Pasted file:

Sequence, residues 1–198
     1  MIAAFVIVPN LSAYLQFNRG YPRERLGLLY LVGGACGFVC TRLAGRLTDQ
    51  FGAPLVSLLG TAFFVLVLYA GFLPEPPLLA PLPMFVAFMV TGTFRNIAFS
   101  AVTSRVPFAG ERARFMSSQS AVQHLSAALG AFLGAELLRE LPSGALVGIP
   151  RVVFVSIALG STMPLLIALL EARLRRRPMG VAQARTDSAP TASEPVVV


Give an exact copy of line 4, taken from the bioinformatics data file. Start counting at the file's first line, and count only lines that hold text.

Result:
   101  AVTSRVPFAG ERARFMSSQS AVQHLSAALG AFLGAELLRE LPSGALVGIP